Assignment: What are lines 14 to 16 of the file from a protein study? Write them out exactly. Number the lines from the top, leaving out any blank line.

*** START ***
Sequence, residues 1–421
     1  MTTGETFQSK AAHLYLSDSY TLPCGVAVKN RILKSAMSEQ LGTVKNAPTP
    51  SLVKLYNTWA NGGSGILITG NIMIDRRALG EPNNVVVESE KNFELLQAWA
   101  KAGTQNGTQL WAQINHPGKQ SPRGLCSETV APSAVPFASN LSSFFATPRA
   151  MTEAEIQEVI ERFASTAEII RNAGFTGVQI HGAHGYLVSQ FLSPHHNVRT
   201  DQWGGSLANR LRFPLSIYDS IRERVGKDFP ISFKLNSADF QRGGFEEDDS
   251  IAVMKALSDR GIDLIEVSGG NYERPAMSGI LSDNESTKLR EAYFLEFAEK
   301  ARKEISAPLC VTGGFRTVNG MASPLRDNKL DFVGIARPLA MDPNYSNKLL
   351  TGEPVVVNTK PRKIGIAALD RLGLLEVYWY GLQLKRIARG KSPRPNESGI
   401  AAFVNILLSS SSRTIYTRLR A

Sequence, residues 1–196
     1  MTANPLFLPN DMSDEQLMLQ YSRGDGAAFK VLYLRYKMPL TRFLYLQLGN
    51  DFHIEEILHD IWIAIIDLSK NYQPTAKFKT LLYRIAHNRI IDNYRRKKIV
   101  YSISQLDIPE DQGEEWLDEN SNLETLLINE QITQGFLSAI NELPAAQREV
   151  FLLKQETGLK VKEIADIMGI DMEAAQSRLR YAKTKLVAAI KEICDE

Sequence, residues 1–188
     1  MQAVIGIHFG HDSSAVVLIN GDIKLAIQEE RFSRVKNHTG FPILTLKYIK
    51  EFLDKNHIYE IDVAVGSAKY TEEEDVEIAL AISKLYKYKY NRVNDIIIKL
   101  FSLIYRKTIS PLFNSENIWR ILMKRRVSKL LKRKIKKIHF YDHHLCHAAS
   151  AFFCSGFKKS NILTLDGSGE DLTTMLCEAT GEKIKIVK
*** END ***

   101  YSISQLDIPE DQGEEWLDEN SNLETLLINE QITQGFLSAI NELPAAQREV
   151  FLLKQETGLK VKEIADIMGI DMEAAQSRLR YAKTKLVAAI KEICDE

Sequence, residues 1–188